Do I have a termite infestation?

If you’re asking yourself that question, you need a professional inspection. Termites cause serious damage. They eat away at the structural integrity of your home. Unlike some other pests that confine themselves to one area, termites will inhabit walls, ceilings, and floors. If it’s made of wood, they will eat it. That includes support beams. Your best option is a home inspection from one of the certified pest technicians at Anteater Exterminating Inc..

What kind of termites do I have?

The way we treat your property depends on what type of termite you have. In Arizona, there are 4 species responsible for the most damage. They all look and act a little differently, so you may be able to identify the species yourself. Look for the following tell-tale signs to help you narrow it down.

Termite damage is not typically covered. That makes preventative measures and fast treatments critical to your home’s safety.

What are subterranean termites?

Subterranean termites in Arizona come in two different species. The desert subterranean termite is only active in a small area, but the arid-land subterranean termite inhabits a much larger portion of the country and is responsible for the most damage. Both have unique features that make them identifiable.
Do I have a termite infestation?

  • Subterranean desert termite features: Swarmers measure roughly 3/8th inches long. They are pale yellow to brown. Their wings each have two veins running through the front. Soldiers have thin and long mandibles.
    • Swarming habits: Swarming occurs at night between July and September. This typically occurs after it rains.
    • Travel methods: Because they need to stay moist, these termites construct and travel in mud tubes. You may find these indoors on any surface, even the ceiling.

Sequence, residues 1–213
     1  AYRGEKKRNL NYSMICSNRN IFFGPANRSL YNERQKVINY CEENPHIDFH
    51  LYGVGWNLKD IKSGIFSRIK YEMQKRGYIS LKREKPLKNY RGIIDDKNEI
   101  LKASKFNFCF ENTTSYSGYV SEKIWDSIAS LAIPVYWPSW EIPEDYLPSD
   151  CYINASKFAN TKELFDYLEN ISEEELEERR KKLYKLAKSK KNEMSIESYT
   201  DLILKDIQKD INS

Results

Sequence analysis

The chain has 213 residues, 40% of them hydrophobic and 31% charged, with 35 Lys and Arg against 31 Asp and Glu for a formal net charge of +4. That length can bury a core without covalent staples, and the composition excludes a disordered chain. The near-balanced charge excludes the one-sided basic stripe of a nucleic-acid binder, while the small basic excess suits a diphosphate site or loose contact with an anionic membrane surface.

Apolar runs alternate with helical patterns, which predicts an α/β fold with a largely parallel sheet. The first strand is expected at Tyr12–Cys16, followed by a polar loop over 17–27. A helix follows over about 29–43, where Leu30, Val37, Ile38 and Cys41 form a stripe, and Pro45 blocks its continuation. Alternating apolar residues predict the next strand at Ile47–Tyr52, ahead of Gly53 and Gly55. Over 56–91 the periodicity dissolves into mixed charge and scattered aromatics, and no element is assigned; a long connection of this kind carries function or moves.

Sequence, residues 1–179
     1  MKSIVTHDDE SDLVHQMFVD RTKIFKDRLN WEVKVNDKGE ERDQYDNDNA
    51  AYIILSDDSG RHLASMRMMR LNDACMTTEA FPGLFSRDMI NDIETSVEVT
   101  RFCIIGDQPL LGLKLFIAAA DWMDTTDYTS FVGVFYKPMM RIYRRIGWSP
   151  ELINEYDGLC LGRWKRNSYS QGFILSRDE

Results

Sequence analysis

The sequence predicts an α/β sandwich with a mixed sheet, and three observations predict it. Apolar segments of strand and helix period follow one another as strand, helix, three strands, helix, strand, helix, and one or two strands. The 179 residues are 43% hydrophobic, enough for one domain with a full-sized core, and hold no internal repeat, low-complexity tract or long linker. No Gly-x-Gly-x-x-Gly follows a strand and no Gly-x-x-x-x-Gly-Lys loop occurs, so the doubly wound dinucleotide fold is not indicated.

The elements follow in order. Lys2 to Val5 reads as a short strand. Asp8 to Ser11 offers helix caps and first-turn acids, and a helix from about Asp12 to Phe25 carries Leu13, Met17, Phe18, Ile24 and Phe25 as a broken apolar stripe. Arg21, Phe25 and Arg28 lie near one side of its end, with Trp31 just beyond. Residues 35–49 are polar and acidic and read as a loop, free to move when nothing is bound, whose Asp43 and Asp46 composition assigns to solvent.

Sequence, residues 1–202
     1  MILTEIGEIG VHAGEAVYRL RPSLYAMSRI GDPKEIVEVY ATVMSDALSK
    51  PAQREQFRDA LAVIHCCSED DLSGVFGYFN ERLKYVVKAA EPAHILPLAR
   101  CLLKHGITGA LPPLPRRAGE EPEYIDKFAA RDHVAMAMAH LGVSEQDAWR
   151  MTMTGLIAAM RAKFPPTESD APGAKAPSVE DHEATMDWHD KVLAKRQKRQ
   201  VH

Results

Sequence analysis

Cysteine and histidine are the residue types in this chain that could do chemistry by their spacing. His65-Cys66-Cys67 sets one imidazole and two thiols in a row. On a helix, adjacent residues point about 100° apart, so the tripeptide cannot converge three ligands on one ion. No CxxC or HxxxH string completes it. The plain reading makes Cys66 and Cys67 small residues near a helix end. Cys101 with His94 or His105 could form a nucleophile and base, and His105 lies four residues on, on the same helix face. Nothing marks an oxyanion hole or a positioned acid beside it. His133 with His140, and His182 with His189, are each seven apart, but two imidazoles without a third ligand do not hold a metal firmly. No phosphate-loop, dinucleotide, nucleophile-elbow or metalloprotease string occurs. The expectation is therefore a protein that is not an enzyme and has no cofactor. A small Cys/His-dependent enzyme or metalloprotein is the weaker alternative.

• Damage patterns: Damaged wood will be “honeycombed”. They prefer springwood and will consume dry or moist woods. You can tap on suspect areas and listen for a hollow reverberation. Infestations typically start from the ground up. That makes the basement one of the most likely entry points.
  • Arid-land subterranean termite differences: Swarmers are roughly 1/3 of an inch long. They have white wings with brown veins throughout. Bodies colors range from brown to black. Soldiers have thicker jaws than their desert cousins.
    • Swarming habits: Swarming typically occurs between the months of January and March in Arizona.

What are dry wood termites?

Western drywood termites typically sneak into a home in furniture and timber. They grow their colonies slowly. That means that damage to a home typically becomes noticeable and problematic when multiple colonies inhabit the same space. One of the best prevention methods is to remove dead and dry wood and stumps from around a property. Always inspect wood furniture, especially antiques, before you bring it into the home.

  • Western dry wood termites features: Swarmers are typically 1/2″ inches in length. They have brown abdomens and orange/brown heads and pronotum. There are 3 dark veins in the front wing. Soldiers are most easily identified by their antennae. These will have large endings that look like clubs.